The comic book world is basically a huge tangle of relationships. There are the rivalries between the heroes and villains. There are the family ties and complex origin stories that link different characters in different ways. There’s the family drama, there’s the issues between heroes trying to fight on the same side, and there’s tons of storylines involving characters’ diverse powers and abilities.
The storylines involving fighting crime and learning to use those killer super powers are fascinating, but at the end of the day, one of the reasons that fans come back to comic books again and again are those relationships. Because, puzzling as they are, they’re real and nuanced. Even the most indestructible heroes or the most heinous villains can fall in love, just like us normal mortals.
Some comic book couples go down as fantastic pairings, true love incarnate. And then, there are the couples on this list. The ones that were too destructive and toxic to make anything real work, the ones who were related (ew) to their lover, or were of an entirely different species. The couples that, for whatever reason, just didn’t seem to work.
Here are 15 of the worst comic book couples out there.
15. Ant-Man and the Wasp
The whole ‘trying to make your partner jealous’ thing isn’t just for the human world – even superheroes fall victim to it. Hank Pym – “Ant-Man” was introduced as a bumbling scientist, and Janet Van Dyne, “the Wasp,” was a bit of a flirt. In many of the earlier comics, she’s spotted flirting with other superheroes. Eventually, Pym goes through a ton of drama including a mental breakdown and the two get hitched – because obviously, every strong marriage starts with a proposal that comes as a result of mental instability, right? That’s not where things end for the two – at one point, during another breakdown, Pym actually ends up hitting his wife. She divorces him, the Avengers part ways, and it just ends in a bad situation for everyone. These two are basically the definition of a toxic relationship, and though some writers tried to rekindle things between them in various storylines, it never quite works out.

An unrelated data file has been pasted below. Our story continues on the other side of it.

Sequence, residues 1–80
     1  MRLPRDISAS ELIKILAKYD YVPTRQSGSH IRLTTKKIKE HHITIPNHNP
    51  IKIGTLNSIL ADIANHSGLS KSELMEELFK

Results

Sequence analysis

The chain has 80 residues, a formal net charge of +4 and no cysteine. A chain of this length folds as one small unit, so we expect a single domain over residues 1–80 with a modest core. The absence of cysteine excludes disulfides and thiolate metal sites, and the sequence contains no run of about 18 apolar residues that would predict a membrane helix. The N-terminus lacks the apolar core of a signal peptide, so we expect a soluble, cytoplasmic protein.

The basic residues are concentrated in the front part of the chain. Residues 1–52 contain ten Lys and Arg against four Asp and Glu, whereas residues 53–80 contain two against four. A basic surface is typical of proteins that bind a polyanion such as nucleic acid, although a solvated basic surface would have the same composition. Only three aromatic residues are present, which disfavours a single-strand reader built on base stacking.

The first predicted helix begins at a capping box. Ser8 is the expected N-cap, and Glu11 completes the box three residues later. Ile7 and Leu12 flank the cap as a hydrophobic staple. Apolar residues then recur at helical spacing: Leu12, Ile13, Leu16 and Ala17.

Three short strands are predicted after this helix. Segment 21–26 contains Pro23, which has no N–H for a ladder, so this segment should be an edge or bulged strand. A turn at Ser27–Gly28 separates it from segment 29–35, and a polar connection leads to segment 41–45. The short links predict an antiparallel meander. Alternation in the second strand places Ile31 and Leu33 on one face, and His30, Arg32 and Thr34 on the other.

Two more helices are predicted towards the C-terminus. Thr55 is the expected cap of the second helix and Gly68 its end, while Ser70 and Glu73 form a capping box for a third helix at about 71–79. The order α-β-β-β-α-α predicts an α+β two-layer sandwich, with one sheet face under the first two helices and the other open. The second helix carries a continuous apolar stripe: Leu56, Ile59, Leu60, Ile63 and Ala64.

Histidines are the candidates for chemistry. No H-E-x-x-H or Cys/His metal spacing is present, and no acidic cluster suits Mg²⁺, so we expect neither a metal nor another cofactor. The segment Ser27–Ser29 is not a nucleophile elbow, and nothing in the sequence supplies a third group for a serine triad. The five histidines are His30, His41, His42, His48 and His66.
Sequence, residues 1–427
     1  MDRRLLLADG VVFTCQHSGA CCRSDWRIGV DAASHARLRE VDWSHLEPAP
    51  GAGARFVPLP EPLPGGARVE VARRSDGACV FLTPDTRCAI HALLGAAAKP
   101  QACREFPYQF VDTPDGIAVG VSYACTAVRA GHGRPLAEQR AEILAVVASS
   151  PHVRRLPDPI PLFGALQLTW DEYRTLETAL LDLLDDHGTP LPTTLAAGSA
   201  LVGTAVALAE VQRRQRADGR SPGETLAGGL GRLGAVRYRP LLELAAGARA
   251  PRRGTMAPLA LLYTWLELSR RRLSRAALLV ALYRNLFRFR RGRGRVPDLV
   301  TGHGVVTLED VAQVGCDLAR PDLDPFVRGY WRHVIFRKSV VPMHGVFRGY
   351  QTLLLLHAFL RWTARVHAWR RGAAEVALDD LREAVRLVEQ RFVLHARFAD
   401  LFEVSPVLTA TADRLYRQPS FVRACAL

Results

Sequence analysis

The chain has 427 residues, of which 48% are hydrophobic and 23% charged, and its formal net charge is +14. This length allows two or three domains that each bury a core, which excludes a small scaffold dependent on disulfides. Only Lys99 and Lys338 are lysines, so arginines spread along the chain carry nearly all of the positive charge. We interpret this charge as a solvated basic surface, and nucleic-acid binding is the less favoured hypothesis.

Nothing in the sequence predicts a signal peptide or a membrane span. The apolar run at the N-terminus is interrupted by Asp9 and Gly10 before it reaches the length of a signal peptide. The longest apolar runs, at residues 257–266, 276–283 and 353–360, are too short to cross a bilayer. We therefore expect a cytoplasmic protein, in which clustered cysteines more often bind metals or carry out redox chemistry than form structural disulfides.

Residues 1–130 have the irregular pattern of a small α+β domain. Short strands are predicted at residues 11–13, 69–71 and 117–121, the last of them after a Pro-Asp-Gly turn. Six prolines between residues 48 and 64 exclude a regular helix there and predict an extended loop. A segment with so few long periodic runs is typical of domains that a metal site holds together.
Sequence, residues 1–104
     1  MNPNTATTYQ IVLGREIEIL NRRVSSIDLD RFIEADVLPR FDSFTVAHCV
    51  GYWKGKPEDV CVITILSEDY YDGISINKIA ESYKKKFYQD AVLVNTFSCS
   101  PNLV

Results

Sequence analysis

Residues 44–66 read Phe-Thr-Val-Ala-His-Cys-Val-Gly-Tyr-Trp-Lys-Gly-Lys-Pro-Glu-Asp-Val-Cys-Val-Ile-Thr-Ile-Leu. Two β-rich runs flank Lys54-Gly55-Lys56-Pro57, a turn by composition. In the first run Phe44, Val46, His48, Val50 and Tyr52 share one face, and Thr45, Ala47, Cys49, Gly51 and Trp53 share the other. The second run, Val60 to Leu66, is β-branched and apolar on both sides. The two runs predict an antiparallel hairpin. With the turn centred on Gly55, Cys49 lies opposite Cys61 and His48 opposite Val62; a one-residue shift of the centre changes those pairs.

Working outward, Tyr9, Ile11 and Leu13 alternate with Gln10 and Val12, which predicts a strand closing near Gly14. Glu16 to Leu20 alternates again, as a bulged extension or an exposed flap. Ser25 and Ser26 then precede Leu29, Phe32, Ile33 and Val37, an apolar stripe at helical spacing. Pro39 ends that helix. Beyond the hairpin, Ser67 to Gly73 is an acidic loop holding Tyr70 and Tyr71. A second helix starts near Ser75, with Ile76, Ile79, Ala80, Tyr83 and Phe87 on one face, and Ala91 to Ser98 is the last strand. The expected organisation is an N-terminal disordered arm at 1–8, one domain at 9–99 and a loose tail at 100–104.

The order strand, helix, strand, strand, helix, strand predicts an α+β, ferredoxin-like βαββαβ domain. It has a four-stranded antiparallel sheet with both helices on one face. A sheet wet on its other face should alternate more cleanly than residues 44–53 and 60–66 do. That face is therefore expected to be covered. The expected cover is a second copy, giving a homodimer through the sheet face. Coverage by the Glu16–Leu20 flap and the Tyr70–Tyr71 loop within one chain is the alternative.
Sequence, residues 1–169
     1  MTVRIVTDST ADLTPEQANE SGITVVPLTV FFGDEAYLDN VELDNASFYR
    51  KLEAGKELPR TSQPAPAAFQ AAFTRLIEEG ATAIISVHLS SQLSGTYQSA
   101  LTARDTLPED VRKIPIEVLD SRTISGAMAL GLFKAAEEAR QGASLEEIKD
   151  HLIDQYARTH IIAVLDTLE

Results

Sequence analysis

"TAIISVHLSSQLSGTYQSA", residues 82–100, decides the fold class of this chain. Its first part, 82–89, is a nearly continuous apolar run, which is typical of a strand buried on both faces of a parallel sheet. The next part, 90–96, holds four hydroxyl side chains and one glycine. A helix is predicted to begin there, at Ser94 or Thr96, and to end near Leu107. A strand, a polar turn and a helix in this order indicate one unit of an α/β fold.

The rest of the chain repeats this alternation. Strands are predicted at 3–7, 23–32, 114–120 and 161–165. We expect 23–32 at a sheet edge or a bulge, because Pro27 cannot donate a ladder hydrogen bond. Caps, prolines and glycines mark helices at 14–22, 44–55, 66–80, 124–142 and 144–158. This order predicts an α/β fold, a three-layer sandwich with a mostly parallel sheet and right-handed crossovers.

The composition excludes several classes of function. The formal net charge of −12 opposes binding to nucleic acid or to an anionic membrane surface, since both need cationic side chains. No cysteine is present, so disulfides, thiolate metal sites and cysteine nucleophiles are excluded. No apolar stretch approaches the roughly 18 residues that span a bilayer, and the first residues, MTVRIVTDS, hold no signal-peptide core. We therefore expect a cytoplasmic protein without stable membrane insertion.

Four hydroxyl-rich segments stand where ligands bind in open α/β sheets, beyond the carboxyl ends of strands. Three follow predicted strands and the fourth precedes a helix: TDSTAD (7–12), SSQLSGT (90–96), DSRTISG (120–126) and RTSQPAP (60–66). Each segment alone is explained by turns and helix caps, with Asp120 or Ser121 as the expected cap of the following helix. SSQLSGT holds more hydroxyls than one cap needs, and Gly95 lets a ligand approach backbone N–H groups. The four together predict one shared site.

14. Cyclops and Madelyne Pryor
This relationship is so messed up we don’t even know where to start. So, Cyclops gets together with Madelyne Pryor, a woman who eerily resembles his former love Jean Grey. They’re living happily ever after for a while, but as any comic book fan knows, that isn’t likely to last long. Eventually, Jean Grey shows up alive and well, and Cyclops basically abandons his family (oh yeah, did we mention he and Madelyne had a son?) and goes to start a new life with Jean. In the comic book world, that’s obviously not the end of it. Madelyne ends up getting together with Cyclops’ brother for a while, which is bad enough. Then, she finds out she is a clone of Jean Grey that Mister Sinister designed for Cyclops. Not too pleased to be a pawn, she then retaliates by leading a demon invasion of New York. You know, as you do.
13. The Atom and Jean Loring
When it comes to the comic book world, there’s pretty much nothing that’s off the table when it comes to getting back with a former lover – you can create a clone of them, you can bring them back from the dead, etc. Just take a look at Atom and Jean Loring’s case. First, there was fairly pedestrian marital strife – Loring got upset with The Atom for being away too often, you know, doing superhero stuff, and had an affair that split the family on. The two moved on with their lives. Then, Jean decided that she wanted her former husband again – and rather than doing something like trying to seduce him, she decided to kill two superheroes’ family members to get him running back to her. Well…turns out, he did. Of course, then the Justice League threw her in Arkham, she became the host for a crazy supervillain, and she tried to kill The Atom before he ended up killing her. Not exactly your average relationship.
12. Daredevil and Karen Page
Daredevil – or Matt Murdock, as his common form is known – was a regular lawyer by day and a crime-fighting superhero by night, as many of the characters in the comic book universe are. Karen Page was Murdock’s secretary, and the two ended up starting a relationship together. Innocuous enough, right? Well, after Page’s father turned into a villain and had to be taken out by Daredevil, Murdock decided his conscience couldn’t take it any longer and he revealed his identity to Page. While you might think revealing you’re a superhero is a guaranteed seduction technique, it wasn’t in this case – in the comics, Page was so worried about Murdock that she ended up leaving him and moving across the country. Of course, because comic books love things taking a dark twist, she then got hooked on heroin and told Murdock’s secret to someone, who then passed it on to Daredevil’s arch nemesis.
11. Shadowcat and Colossus